The universities in question include six Ivy League schools: Brown, Columbia, Cornell, Dartmouth, the University of Pennsylvania, and Yale. The remaining universities are the California Institute of Technology, the University of Chicago, Duke, Emory, Georgetown, the Massachusetts Institute of Technology, Northwestern, Notre Dame, Rice, and Vanderbilt.
All of these institutions are accused of conspiring to limit the amount of financial aid they provide students, and some allegedly even “favored wealthy applicants in the admissions process.”
Notably, there are no HBCUs named in the lawsuit. Five former students brought on the matter with a mission: Sia Henry, Michael Maerlander, Brandon Piyevsky, Kara Saffrin, and Brittany Tatiana Weaver.
“As a result of this conspiracy, the net price of attendance for financial-aid recipients at Defendants’ schools has been artificially inflated,” reads the filing. “In short, due to the conduct challenged herein, over almost two decades, Defendants have overcharged over 170,000 financial-aid recipients by at least hundreds of millions of dollars.”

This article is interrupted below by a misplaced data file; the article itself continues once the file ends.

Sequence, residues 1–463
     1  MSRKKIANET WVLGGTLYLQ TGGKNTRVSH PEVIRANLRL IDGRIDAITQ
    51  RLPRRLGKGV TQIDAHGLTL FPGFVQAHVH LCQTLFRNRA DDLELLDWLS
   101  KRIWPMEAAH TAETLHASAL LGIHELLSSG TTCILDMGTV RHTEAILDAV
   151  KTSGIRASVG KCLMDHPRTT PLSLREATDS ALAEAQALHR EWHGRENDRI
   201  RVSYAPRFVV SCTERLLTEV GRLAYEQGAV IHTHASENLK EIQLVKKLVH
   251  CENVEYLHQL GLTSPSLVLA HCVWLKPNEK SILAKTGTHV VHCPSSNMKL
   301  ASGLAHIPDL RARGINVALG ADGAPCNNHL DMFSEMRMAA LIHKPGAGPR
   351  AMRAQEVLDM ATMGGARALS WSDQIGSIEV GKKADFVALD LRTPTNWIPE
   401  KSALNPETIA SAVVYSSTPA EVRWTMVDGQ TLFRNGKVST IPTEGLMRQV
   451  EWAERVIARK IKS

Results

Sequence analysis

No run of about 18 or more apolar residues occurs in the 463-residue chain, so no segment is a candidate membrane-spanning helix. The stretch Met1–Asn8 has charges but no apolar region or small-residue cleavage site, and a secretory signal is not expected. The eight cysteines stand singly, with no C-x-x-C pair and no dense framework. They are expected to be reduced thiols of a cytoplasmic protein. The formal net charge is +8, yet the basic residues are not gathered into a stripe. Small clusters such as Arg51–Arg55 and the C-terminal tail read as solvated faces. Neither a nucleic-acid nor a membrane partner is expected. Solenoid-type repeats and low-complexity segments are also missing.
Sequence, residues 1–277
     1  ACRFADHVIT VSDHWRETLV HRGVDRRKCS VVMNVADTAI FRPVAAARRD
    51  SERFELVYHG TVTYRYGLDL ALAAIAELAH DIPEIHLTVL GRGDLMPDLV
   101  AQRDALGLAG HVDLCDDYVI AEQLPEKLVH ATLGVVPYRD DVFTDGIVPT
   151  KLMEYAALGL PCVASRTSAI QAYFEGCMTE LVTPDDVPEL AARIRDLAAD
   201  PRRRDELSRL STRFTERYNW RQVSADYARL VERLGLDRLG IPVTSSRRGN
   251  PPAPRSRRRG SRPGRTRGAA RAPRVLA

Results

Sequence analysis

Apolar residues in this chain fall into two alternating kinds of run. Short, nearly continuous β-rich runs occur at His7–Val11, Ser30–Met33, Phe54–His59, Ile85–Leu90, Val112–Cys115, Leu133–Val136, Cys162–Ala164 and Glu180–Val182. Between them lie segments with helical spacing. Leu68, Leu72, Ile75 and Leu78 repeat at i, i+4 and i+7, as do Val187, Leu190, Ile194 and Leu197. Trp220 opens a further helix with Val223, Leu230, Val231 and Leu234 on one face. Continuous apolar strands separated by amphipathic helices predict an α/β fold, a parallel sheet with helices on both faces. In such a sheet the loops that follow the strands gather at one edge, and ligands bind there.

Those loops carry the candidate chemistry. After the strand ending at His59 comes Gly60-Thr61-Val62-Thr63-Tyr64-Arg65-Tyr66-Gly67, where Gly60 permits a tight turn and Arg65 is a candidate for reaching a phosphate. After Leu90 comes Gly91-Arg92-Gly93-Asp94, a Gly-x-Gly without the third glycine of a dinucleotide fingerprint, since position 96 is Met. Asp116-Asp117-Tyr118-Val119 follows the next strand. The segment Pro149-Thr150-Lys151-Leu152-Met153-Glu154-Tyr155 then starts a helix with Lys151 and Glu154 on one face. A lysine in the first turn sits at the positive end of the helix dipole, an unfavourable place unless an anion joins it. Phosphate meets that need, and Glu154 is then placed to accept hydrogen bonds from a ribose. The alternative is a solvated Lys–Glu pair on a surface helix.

“In critical respects, elite, private universities like Defendants are gatekeepers to the American Dream,” the lawsuit continues. “Defendants’ misconduct is therefore particularly egregious because it has narrowed a critical pathway to upward mobility that admission to their institutions represents.”
The plaintiffs seek compensation for all U.S. Citizens or permanent residents who previously attended one of the universities in question as full-time students. Students must have received financial aid that didn’t cover the tuition costs fully. Additionally, the lawsuit is only eligible for people who attended one of the universities since 2003.
The lawsuit also seeks compensation for family members who helped fund the students through college in the face of the universities’ alleged overcharging.
Karen Peart, a spokeswoman for Yale, acknowledged the lawsuit by stating the institution’s “financial aid policy is 100 percent compliant with all applicable laws.” Spokespeople for Brown and the California Institute of Technology also denied the allegations.